An American Family History

The Compton Family

It was common for bequests to include wearing apparel.

John Compton (1651) married Mary Clarke (1646). Mary was the daughter of Robert Clarke.

They settled in Charles County Maryland on an estate of eight hundred acres called Brathwood.

John and Mary's children probably included:
John Compton, Jr. (1667 - 1714, died before father),
Samuel Compton (1669),
Matthew Compton (1671, married Susannah Briscoe, daughter of Colonel Philip Briscoe and Susannah Swan),
Gerard Compton (1673),
Eleanor Compton ( 1677, married Henry Hardy).
James Compton (1679) and
Ralph Compton (1681).

Planter is an archaic term for a settler. Plantation was a method of colonization where settlers were "planted" abroad. A plantation is also the kind of large farm that was the economical basis of many American Colonies and owners of these farms were also called planters.

Estate inventories give us a glance into the home life of Colonial Americans.
  William Compton, son of John Compton, Jr. (1677) married Mary Clarke.  



Culpeper County, Virginia was established in 1749 from Orange County.

Family of Hay by Charles J. Colcock

The Compton history in American began in the Province of Maryland with John Compton [d. 1717/18] as immigrant. he came from Northampton, England and the name of the English estate is Compton Wyngates. He settled in Maryland on an estate of eight hundered acres called Brathwood.

Records show a marriage to Mary Douglas, 1675, daughter of Robert Clark and widow of Robert Douglas. [This can't be true since their first child was supposedly born in 1667]

Their children were:
a. John Compton, Jr. born 1667 [d. 1714, before father].
b. Samuel Compton, born 1669.
c. Matthew Compton born 1671, married Susannah Briscoe, daughter of Colonel Philip Briscoe and Susannah Swan.
d. Gerard Compton born 1673
e. Eleanor Compton born 1677; married Henry Hardy.
f. James Compton born 1679
g. Ralph Compton born 1681.

William Compton, son of John Compton, Jr. (1677) married Mary Clarke and their son, William Clarke Compton, married Elizabeth Elgin in Charles County, Maryland. In 1778 they moved to Flint Hill, Culpeper County, Virginia.

Maryland was established with religious freedom for Catholics. The colonial economy was based on tobacco cultivated by Africans who had been enslaved.
Personal property can be called personalty (personality), goods, chattels, articles, or movable property. It includes both animate or inanimate property.

Charles County Land Records Liber L#2 Page 66.
At the request of John Chunn Jr of Charles County, the following patent and assignment was recorded this Dec 20, 1722.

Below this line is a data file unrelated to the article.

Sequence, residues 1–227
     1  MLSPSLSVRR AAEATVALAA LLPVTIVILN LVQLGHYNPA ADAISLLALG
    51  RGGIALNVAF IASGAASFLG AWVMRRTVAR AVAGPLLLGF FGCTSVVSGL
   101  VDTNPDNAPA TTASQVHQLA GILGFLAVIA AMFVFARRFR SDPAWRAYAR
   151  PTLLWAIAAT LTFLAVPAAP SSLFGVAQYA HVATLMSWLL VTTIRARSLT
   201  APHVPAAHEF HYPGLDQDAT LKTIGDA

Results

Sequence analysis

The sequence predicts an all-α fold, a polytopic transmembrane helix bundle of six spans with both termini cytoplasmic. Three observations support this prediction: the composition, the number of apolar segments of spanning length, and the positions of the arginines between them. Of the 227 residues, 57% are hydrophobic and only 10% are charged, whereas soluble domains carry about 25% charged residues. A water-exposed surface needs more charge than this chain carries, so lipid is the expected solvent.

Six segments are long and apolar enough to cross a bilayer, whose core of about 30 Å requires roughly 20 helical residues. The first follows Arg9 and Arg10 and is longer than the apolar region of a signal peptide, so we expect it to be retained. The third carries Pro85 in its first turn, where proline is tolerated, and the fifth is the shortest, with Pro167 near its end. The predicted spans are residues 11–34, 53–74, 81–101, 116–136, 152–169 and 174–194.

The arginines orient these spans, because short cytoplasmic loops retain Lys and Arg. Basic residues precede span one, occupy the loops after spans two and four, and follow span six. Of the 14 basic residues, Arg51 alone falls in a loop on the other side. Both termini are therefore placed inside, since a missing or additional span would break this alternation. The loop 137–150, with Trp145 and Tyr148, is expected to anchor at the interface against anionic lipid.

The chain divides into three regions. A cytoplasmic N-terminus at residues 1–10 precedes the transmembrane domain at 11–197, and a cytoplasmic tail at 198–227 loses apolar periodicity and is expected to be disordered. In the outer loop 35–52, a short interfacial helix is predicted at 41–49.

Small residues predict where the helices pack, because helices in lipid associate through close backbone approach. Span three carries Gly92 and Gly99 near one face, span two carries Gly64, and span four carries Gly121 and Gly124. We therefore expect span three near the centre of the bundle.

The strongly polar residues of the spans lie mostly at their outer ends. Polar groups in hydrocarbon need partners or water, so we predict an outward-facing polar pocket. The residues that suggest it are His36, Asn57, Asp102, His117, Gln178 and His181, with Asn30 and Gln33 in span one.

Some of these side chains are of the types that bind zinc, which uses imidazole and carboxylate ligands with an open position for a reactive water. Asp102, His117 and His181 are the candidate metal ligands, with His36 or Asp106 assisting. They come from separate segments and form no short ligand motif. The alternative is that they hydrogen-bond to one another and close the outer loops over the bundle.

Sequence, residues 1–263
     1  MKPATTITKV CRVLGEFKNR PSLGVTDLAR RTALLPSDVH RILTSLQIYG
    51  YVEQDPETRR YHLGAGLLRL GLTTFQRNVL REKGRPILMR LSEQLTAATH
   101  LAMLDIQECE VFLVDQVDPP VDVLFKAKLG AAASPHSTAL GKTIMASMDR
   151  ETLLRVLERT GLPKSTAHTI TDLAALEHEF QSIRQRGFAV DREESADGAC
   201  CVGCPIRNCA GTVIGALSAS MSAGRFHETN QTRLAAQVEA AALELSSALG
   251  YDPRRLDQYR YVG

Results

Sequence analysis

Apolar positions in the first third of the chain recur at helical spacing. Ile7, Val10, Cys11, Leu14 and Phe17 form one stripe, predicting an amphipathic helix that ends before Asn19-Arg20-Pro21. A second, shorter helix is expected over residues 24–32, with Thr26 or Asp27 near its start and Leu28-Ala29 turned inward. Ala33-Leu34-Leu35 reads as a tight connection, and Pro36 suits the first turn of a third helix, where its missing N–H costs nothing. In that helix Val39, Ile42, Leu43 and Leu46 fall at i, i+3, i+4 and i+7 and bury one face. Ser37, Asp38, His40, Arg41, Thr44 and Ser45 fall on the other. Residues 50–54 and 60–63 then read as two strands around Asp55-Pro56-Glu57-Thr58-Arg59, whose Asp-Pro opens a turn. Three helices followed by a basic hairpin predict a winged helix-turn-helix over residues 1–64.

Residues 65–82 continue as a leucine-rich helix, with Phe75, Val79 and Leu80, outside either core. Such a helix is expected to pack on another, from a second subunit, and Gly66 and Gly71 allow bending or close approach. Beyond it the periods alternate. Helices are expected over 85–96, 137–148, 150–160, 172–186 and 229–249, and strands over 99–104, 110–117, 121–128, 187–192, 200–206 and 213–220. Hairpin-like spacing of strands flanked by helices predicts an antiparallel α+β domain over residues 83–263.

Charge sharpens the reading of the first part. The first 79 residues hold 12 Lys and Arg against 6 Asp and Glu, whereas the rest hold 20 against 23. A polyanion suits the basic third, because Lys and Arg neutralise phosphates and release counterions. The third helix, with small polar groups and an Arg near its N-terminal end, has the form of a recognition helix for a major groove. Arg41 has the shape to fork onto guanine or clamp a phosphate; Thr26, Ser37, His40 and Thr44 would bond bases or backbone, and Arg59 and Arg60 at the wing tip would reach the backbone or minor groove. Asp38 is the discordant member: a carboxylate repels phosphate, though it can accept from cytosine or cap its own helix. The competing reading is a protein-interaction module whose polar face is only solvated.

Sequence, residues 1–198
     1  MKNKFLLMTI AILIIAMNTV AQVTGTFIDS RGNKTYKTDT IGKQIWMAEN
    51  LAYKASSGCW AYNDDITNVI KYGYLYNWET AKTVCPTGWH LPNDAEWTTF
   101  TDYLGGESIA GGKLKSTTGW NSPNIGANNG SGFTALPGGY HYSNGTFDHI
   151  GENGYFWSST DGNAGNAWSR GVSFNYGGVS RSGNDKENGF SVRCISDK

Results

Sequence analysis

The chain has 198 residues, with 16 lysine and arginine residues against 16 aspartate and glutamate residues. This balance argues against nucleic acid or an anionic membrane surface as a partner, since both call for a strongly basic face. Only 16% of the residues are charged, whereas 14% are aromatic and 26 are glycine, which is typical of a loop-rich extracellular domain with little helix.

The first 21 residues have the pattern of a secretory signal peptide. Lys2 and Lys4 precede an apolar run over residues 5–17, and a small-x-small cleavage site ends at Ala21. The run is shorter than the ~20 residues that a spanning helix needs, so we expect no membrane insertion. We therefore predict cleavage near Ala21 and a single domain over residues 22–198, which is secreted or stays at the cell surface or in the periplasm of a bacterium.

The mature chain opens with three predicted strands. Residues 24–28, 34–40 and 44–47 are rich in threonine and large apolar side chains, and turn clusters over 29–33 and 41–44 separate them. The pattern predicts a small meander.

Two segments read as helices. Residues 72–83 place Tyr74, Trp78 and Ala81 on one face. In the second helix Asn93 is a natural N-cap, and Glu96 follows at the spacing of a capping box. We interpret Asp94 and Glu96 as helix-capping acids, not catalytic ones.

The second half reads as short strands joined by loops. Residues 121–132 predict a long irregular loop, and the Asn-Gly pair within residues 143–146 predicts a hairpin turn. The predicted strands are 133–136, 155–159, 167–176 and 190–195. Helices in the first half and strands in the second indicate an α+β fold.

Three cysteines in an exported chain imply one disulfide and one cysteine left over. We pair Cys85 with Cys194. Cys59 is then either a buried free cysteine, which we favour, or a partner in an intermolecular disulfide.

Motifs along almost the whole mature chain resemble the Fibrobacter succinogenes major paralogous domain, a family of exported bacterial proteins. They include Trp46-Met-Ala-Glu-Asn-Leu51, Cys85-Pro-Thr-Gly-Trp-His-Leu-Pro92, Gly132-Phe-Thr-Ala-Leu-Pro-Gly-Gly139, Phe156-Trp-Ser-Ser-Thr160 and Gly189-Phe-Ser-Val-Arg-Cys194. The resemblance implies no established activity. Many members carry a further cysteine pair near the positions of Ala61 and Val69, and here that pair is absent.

Caecilius, Proprietary of Maryland.
Know that we, for and in consideration that John Compton & Rob. Page of Maryland, planters, have due them 500 acres of land, assigned sd Compton and Page, the assignee of Bridgett [Yowkins] Heard, the relict of Wm Heard, and 300 acres more out of a -- for 350 acres the sd page as appears - record papers such conditions and terms as are expressed.in our..,Conditions of. Plantation of the Province of Maryland or our greater Seal dated at London Jul 2, 1649, with such alterations as is made by our Declaration dated Sep 25, 1658, remaining of record in Maryland, do hereby grant to sd John Compton and Robert Page, a parcel of land (called Brothwood, [Brathwood] lying in St Mary's County in the woods, bounded by a bounded white oak of Edward Swann called Sagteston, [Eagleton] containing and laid out for about 800 acres.

Signed Sep 20, 1665- Charles Calvert.
Know that we, John Compton and Robert Page of St Mary's County, for a valuable consideration to us in hand paid, we have sold to Walter Bayne, our right to the within mentioned land.
Signed May 15, 1666 -
John (jc his mark) Compton, Robert Page.
Wit - Jonathan Marlow, Andrew Ward.

1642-1753 Rent Rolls Charles County, Maryland Hundred - Newport: Rent Roll page/Sequence: 369-51:
Brathwood: 800 acres; Possession of - 800 Acres - Bayne, Walter: Surveyed 12 June 1665 for John Compton & Robert Page in the woods at the boundary of the land called Eagleton

Other Tracts Mentioned:
Eagleton; Conveyance notes - Possessed by Walter Bayne for his brother Ebsworth Bayne, 100 Acres- Samuel Love from Ebsworth Bayne; 28 Jan 1715;
100 Acres- Samuel Love from Ebsworth Bayne;
11 Nov 1718, Joseph Allen from Ebsworth Bayne;
22 Feb 1715, 469 Acres - John Chunn Jr. from Ebsworth Bayne;
23 May 1717; 480 Acres - John Chunn Jr. from Ebsworth Bayne;
16 Sep 1719, 800 Acres - John Chunn Jr. from William Compton;
8 March 1721, Joseph Allen Jr. from Joseph Allen Sr.;
6 Nov 1729; John Wilson from Joseph Allen; 30 May 1746, 12 Acres - Samuel Love from Joseph Allen; 8 March 1745

Lord Baltimore, Cecil Calvert (1605 -1675), 2nd Baron Baltimore was the first governor of Maryland.
Phillip Calvert (1626–1682), was the 5th governor from 1660 to1665.
Charles Calvert (1637 – 1715), 3rd Baron Baltimore inherited the colony in 1675.

The first European settlements in Maryland were made in 1634 when English settlers created a permanent colony.

Rent rolls were lists of landowners showing whether they had paid their annual quit-rents to the Crown. A quick-rent was a feudal remnant and was paid by a freeholder in lieu of services that might otherwise have been required.


from 1642-1753 Rent Rolls Charles County, Maryland Hundred - Newport: Rent Roll page/Sequence: 375-17:

Eagleton: 615 acres; Possession of - 615 Acres - Swann, Samuel: Surveyed 9 July 1669 for Edward Swann in the woods near Piles Fresh at a bound[ary] poplar near the head of a branch:
80 Acres - Samuel Swann from Philip Briscoe;
19 June 1725,12 Acres -
Samuel Love from Thomas Swann;
17 July 1732,
38 Acres - Samuel Love from Thomas Swann; 23 Aug 1746